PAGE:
On an early spring day, biologists Kent McFarland and Sara Zahendra stand in front of a vernal pool in Strafford. It’s noisy.
“The wood frogs are going berserk behind us,” says McFarland. “The sunlight has come down out of the clouds and warmed them up – they are ready to go.”
Zahendra adds that on top of the wonderful noise, you can see the frogs everywhere. “They are jumping all over logs, they are grabbing onto each other. There are these ice patches in the very middle of the vernal pool and they are jumping all over the ice patches. They are all here for one reason: getting ready to mate,” she says.
The Vermont Center for Ecostudies’ Steve Faccio, who specializes in vernal pools, joins the biologists at the site. “This is one of my favorite vernal pools around,” says Faccio. “It’s got a wicked big population of wood frogs, spotted salamanders, Jefferson salamanders and fairy shrimp.”
- Vermont Vernal Pool Mapping Project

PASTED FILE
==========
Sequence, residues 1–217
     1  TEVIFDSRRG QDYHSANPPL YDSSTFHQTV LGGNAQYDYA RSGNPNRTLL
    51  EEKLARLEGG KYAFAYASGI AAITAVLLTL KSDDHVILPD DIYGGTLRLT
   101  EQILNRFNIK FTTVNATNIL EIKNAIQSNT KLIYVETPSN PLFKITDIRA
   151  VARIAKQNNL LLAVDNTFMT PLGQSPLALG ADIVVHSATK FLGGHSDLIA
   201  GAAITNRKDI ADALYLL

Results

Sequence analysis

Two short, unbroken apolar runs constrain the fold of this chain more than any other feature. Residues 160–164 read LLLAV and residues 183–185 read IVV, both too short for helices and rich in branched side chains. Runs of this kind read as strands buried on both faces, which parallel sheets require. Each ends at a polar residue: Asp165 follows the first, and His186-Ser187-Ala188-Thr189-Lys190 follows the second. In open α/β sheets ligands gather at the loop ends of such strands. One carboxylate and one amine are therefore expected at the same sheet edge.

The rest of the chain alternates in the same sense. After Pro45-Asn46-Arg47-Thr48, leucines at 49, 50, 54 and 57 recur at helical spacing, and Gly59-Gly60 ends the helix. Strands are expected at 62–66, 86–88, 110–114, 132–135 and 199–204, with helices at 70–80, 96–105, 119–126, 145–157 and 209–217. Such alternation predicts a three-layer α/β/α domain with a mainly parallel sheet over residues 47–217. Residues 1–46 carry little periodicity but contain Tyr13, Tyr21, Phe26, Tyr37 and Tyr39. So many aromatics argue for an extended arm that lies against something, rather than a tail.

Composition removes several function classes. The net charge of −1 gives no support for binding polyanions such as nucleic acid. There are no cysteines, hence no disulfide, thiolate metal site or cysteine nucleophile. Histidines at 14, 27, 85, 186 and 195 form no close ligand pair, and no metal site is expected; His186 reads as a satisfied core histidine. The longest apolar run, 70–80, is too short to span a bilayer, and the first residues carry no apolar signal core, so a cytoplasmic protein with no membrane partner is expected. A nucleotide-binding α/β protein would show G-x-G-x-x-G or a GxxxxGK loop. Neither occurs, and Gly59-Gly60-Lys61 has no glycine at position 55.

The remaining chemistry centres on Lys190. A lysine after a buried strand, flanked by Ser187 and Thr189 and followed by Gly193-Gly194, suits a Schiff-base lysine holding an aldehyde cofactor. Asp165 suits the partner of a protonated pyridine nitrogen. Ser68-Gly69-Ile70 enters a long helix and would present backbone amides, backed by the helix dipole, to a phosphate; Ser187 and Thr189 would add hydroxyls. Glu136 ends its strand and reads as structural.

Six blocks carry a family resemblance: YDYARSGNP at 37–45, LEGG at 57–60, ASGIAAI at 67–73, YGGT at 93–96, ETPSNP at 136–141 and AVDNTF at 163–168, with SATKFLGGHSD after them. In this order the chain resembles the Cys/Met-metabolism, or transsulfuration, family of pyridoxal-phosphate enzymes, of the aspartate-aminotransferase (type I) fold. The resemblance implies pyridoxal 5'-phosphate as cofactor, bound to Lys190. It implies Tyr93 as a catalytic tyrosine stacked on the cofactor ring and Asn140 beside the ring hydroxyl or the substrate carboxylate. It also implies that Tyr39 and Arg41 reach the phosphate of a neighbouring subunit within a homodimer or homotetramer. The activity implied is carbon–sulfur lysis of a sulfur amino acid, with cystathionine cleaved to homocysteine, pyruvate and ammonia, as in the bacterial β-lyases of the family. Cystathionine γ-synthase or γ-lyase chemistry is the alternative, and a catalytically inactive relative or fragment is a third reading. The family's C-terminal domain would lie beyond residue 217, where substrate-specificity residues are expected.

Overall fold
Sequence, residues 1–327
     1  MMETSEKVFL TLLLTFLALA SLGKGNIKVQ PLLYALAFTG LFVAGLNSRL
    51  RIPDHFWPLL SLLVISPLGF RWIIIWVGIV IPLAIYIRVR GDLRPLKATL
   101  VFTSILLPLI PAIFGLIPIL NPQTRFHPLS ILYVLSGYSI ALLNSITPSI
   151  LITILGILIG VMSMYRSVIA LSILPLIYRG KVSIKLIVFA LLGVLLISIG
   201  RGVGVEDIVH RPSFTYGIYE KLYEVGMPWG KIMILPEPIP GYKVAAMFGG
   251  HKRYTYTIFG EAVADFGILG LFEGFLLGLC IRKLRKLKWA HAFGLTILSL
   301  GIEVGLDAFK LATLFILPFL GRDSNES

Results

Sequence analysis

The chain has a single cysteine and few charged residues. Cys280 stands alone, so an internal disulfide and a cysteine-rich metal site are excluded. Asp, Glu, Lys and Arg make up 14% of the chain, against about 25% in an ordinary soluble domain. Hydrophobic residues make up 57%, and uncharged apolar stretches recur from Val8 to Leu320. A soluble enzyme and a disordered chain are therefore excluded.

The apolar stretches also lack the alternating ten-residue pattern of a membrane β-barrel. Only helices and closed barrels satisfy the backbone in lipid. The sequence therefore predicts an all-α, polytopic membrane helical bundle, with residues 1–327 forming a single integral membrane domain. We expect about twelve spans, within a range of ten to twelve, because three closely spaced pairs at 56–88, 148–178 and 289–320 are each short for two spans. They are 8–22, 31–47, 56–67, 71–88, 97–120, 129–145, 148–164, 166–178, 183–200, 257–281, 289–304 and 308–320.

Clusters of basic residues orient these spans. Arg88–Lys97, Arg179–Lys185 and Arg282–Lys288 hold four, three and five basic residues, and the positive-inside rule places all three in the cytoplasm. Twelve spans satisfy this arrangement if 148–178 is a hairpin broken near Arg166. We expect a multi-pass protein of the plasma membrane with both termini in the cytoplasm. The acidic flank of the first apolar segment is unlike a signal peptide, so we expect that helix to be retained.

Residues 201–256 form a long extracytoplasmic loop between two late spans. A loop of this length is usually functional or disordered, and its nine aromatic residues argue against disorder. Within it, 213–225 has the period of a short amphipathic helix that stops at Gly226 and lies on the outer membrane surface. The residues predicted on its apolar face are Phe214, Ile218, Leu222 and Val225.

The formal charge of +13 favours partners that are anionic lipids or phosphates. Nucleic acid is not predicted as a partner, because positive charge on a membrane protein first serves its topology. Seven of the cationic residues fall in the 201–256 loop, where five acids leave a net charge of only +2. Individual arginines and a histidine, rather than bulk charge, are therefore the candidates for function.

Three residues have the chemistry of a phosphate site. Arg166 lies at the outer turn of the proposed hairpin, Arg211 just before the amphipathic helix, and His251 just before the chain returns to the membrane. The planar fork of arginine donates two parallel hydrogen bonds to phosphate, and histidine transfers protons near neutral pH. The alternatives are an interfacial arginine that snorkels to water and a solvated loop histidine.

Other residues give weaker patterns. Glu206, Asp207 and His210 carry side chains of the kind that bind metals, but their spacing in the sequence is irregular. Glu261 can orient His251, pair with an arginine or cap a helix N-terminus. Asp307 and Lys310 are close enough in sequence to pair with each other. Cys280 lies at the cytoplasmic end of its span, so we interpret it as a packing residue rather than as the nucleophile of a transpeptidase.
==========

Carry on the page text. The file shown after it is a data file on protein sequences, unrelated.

The continued success of this project depends on volunteers who “field-verify” suspected pools, most of which we have identified by viewing aerial satellite photos of Vermont and picking out spots that appear to be pools. We also encourage you to report the location of vernal pools that you know but are not yet mapped.
- VT Fish and Wildlife Dept
Vernal Pools: what are they and how you can conserve them.
- The Vermont Reptile and Amphibian Atlas
- Learn more about the spotted salamander
- Learn more about the wood frog
Wow, I just listen in on the program about vernal pools and hearing the wood frogs. Now I know what is the sound I’m hearing just up the road from me. I live on Hammond shore road, Franklin, Vt. I thought it was a lot of turkeys clucking in the woods.